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United States Department of Agriculture

Agricultural Research Service

Research Project: Intervention Strategies to Control and Prevent Enteric Viral Diseases of Poultry

Location: Endemic Poultry Viral Diseases Research Unit

Title: HN gene c-terminal extension of Newcastle disease virus is not the determinant of the enteric tropism

Authors
item Zhao, Wei -
item Hu, Haixia -
item Zsak, Laszlo
item Yu, Qingzhong
item Yang, Zengqi -

Submitted to: Virus Genes
Publication Type: Peer Reviewed Journal
Publication Acceptance Date: March 11, 2013
Publication Date: August 8, 2013
Repository URL: http://handle.nal.usda.gov/10113/59848
Citation: Zhao, W., Hu, H., Zsak, L., Yu, Q., Yang, Z. 2013. HN gene c-terminal extension of Newcastle disease virus is not the determinant of the enteric tropism. Virus Genes. 47:27-33.

Interpretive Summary: Newcastle disease virus (NDV) can cause serious diseases and significant economic losses to the poultry industry worldwide. The hemagglutinin-neuraminidase (HN) protein of NDV plays an important role in virus virulence and tissue tropism. Many low virulent enteric NDV strains have a larger HN protein (616 amino acids, aa) with additional 39 aa at its C-terminus when compared with that (577 aa) of respirotropic NDV strains. Therefore, it has been suspected that the HN C-terminal extension may contribute to the enteric tropism. In the present study, we generated a recombinant NDV by placing the HN protein C-terminal 39 aa derived from an enterotropic NDV strain into the HN gene of the respirotropic LaSota strain using reverse genetics techniques to assess the role of the HN C-terminal extension in virus tissue tropism. The biological characterization of the recombinant virus showed that the HN C-terminal extension slightly attenuated the virus virulence in embryonated eggs and in day-old chicks when compared to the parental LaSota virus. However, the HN C-terminal extension did not alter virus tissue preference to grow. In infected chickens, the recombinant virus was detected in the tracheal tissue, but not in the intestinal tissue, exhibiting a similar respirotropic tissue preference as its parental LaSota strain. These results demonstrated that the HN protein C-terminal extension of NDV is not the determinant of the virus enteric tropism.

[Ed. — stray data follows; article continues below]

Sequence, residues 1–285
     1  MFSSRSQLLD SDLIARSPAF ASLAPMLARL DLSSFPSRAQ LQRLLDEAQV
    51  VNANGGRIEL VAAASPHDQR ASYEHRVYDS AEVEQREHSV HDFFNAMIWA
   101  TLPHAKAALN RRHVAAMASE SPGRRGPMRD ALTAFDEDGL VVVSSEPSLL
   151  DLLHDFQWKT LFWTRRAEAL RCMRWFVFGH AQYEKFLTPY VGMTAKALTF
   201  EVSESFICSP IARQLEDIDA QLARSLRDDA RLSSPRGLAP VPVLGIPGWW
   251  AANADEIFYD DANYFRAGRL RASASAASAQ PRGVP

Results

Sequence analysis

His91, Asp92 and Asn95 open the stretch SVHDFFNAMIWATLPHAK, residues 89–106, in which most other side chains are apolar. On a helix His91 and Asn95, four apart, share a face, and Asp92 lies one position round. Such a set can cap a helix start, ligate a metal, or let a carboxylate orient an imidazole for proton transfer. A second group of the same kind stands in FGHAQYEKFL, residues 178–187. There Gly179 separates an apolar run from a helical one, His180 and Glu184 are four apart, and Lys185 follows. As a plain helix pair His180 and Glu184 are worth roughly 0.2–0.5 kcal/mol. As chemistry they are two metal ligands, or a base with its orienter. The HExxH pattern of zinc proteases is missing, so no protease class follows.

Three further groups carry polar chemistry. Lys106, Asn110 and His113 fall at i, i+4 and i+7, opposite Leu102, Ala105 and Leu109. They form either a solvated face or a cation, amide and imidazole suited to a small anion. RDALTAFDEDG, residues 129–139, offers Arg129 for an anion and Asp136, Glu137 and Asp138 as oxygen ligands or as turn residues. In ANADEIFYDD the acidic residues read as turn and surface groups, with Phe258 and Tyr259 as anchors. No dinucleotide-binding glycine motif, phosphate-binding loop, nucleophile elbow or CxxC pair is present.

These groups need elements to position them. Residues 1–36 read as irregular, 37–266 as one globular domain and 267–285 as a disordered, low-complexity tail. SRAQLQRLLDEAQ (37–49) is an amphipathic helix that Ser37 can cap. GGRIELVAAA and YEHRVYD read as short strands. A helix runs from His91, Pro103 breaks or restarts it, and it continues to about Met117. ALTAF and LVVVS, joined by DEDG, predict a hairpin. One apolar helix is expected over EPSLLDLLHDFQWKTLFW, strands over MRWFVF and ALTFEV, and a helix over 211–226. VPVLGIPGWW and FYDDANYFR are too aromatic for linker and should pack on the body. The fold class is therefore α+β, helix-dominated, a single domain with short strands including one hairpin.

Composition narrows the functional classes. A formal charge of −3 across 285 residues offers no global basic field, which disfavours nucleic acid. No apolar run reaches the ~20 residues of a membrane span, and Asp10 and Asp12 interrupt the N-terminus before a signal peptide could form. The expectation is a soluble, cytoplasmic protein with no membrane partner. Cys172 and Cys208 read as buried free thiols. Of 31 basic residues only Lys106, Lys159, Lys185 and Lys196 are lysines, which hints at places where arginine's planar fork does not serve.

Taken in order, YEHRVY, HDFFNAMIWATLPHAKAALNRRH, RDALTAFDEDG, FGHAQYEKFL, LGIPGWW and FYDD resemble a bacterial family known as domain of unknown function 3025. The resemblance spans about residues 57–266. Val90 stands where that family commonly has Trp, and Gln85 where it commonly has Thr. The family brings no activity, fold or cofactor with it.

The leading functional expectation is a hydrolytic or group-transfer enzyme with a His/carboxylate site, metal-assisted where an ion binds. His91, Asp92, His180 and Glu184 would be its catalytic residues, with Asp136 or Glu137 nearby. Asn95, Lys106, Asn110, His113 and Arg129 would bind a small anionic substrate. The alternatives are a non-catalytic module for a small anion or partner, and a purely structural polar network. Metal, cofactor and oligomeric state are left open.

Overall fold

Technical Abstract: The hemagglutinin-neuraminidase (HN) protein of Newcastle disease virus (NDV) plays an important role in virus pathogenicity and tissue tropism. Sequence analysis revealed that the HN gene of many asymptomatic enteric NDV strains encodes a larger open reading frame (616 amino acids, aa) with additional 39 aa at its C-terminus when compared with that (577 aa) of respirotropic NDV strains. Therefore, it has been suspected that the HN C-terminal extension may contribute to the enteric tropism. In the present study, we generated a NDV respirotropic strain LaSota-based recombinant virus with a HN C-terminal extension of 39 aa derived from an enterotropic NDV strain using reverse genetics technology. The biological characterization of the recombinant virus, rLS-HN-ex, showed that the HN C-terminal extension slightly attenuated the virus pathogenicity in embryonated eggs and in day-old chicks when compared to the parental LaSota virus. However, the HN C-terminal extension did not alter virus tissue tropism. In infected chickens, the recombinant virus was detected and re-isolated from the tracheal tissue, but not from the intestinal tissue, exhibiting a similar respirotropic tissue preference as its parental LaSota strain. These results demonstrated that the HN protein C-terminal extension of NDV is not the determinant of the virus enteric tropism.

Last Modified: 12/20/2014
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